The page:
Greater Remnant Cholesterol Levels Associated with Increased Risk of Rheumatoid Arthritis

News
Article

Results call attention to the potential for early intervention and risk stratification for developing RA based on remnant cholesterol.

Rheumatoid arthritis | Credit: Unsplash

Credit: Unsplash

Findings from a recent study are calling attention to the association between remnant cholesterol and rheumatoid arthritis (RA), suggesting elevated remnant cholesterol may be linked to a greater risk of RA.1

The analysis of data from the National Health and Nutrition Examination Survey (NHANES) 1999–2008 database found a strong positive correlation between remnant cholesterol and RA, further alluding to the potential for early intervention strategies for susceptible populations at risk of developing RA based on these findings.1

“[Remnant cholesterol] has emerged as a critical parameter in lipidology and is subject to ongoing research to uncover its broader clinical applications,” wrote Qian Qu, MD, of the department of orthopedic surgery at Soochow University in China, and colleagues.1 “However, no study has reported whether [remnant cholesterol] is associated with RA or how.”

An autoimmune disorder in which the immune system attacks healthy joint tissue, the underlying causes of RA are not well understood. Although lipid metabolism is a known contributor to inflammation, its role in RA requires further analysis as most studies have focused on low-density lipoprotein cholesterol (LDL-C) and high-density lipoprotein cholesterol (HDL-C).1,2

To assess whether remnant cholesterol is associated with RA disease events, investigators extracted relevant data from the NHANES 1999–2008 database. Sanctioned by the National Center for Health Statistics, the NHANES database is an all-encompassing study conducted in the United States that collects information on the overall health and nutritional well-being of the general population.1

Participants were excluded if they were missing data on total cholesterol, LDL-C, and HDL-C, had incomplete data related to arthritis, had osteoarthritis or other non-applicable conditions, or were pregnant. After applying these exclusion criteria, investigators excluded 41,060 participants due to insufficient arthritis and lipid data, 2278 due to osteoarthritis or other irrelevant conditions, and 508 pregnant participants. The final study population comprised 7777 participants.1

Investigators derived patients’ remnant cholesterol values by subtracting the combined amount of LDL-C and HDL-C from the total cholesterol. Arthritis was diagnosed based on a self-report questionnaire and patients’ responses to the following question: “Have you ever been informed by a healthcare professional that you have arthritis?”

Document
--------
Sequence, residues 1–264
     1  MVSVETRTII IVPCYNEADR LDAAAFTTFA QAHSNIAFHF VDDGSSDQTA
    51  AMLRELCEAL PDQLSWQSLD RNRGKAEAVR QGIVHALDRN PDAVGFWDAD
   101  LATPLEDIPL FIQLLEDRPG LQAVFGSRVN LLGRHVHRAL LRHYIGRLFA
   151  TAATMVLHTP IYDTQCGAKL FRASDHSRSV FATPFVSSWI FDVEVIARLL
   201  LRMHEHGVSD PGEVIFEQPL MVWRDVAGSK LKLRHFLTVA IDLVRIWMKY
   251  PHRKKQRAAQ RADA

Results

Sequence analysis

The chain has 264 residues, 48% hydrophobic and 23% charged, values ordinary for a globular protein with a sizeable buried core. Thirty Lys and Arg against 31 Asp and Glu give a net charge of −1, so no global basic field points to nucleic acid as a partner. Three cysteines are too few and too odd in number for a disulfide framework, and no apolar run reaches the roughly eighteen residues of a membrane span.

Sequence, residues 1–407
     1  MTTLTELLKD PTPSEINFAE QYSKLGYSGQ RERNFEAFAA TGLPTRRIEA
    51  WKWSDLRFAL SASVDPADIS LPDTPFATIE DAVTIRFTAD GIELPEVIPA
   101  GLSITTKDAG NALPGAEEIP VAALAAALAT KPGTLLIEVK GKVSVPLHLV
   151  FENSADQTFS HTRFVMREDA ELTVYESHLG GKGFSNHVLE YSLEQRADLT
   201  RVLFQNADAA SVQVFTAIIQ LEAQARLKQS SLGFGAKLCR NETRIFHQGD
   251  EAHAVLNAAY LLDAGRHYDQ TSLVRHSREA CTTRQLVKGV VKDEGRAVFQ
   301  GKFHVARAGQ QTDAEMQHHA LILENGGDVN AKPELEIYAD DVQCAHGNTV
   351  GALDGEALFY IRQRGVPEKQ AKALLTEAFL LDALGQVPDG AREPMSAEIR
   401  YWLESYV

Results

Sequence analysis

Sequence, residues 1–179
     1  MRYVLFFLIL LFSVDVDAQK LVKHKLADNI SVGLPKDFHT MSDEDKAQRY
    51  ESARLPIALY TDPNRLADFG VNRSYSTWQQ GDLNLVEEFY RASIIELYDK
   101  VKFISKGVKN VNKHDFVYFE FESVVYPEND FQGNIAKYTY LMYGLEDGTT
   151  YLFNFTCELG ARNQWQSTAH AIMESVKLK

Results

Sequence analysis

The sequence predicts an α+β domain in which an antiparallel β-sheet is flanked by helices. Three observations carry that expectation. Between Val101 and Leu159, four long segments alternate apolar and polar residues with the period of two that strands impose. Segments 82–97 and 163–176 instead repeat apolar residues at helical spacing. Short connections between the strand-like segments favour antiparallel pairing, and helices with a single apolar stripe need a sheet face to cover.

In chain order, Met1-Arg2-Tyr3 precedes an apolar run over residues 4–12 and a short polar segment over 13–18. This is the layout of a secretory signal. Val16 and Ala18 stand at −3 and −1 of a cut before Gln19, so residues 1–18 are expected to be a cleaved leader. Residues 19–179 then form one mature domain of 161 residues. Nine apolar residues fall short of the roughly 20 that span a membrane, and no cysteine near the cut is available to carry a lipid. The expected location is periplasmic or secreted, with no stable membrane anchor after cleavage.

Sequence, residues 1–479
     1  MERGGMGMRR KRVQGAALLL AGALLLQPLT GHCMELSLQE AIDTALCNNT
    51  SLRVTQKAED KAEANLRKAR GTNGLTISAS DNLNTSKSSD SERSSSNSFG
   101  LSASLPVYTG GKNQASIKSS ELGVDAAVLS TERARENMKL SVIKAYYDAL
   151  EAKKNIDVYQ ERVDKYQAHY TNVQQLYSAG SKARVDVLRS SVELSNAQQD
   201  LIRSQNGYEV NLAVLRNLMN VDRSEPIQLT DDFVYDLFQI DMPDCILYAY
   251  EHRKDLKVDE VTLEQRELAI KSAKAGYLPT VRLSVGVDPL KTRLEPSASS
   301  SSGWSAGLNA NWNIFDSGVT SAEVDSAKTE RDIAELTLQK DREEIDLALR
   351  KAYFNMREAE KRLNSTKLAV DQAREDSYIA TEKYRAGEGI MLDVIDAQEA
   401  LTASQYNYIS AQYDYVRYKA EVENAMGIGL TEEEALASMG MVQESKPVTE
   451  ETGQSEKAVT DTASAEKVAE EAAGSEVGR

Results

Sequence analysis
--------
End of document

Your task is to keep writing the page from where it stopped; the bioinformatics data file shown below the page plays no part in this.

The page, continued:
Among the cohort, 71.9% of participants were < 60 years of age, 52.72% were male, and 7.47% were diagnosed with RA. The overall mean value was 0.44 mg/dL for CRP, 5.09 mmol/L for total cholesterol, 1.37 mmol/L for HDL-C, 3.06 mmol/L for LDL-C, and 0.66 mmol/L for remnant cholesterol. Investigators categorized participants into tertiles based on their remnant cholesterol values, defining T1 as < 0.46 mmol/L, T2 as 0.46–0.72 mmol/L, and T3 as ≥ 0.72 mmol/L.1

Upon analysis, an increase in the remnant cholesterol level was accompanied by significantly increased RA occurrence in T1 (5.16%), T2 (7.88%), and T3 (9.35%) (all P <.001). Both the crude (Odds ratio [OR], 1.91; 95% CI, 1.54–2.37; P <.0001) and adjusted models (OR, 1.91; 95% CI, 1.53–2.45; P <.0001) consistently demonstrated a strong positive correlation between remnant cholesterol and RA.1

Of note, this relationship remained significant and positive even after investigators adjusted for gender, age, ethnicity, marital status, education level, BMI, vigorous activity, moderate activity, hypertension, diabetes, smoking status, alcohol use, steroid use, statin use, PIR, and CRP in the multivariate logistic regression analysis (OR, 1.54; 95% CI, 1.11–2.13; P = .0092).1

“The findings significantly contribute to the growing evidence supporting the clinical utility of [remnant cholesterol] as a predictive index for RA, offering valuable insights for the development of early intervention strategies in populations susceptible to RA,” investigators concluded.1

References:

  1. Yan Y, La R, Jiang M, et al. The association between remnant cholesterol and rheumatoid arthritis: insights from a large population study. Lipids Health Dis. https://doi.org/10.1186/s12944-024-02033-z
  2. Mayo Clinic. Rheumatoid Arthritis. Diseases & Conditions. January 25, 2023. Accessed February 13, 2024. https://www.mayoclinic.org/diseases-conditions/rheumatoid-arthritis/symptoms-causes/syc-20353648
Related Videos
Kelley Branch, MD, MSc | Credit: University of Washington Medicine
Sejal Shah, MD | Credit: Brigham and Women's
Video 2 - "Differentiating Medication Non-Adherence From Underlying Comorbidities"
Video 1 - "Defining Resistant Diabetes"
Stephanie Nahas, MD, MSEd | Credit: Jefferson Health
© 2024 MJH Life Sciences

All rights reserved.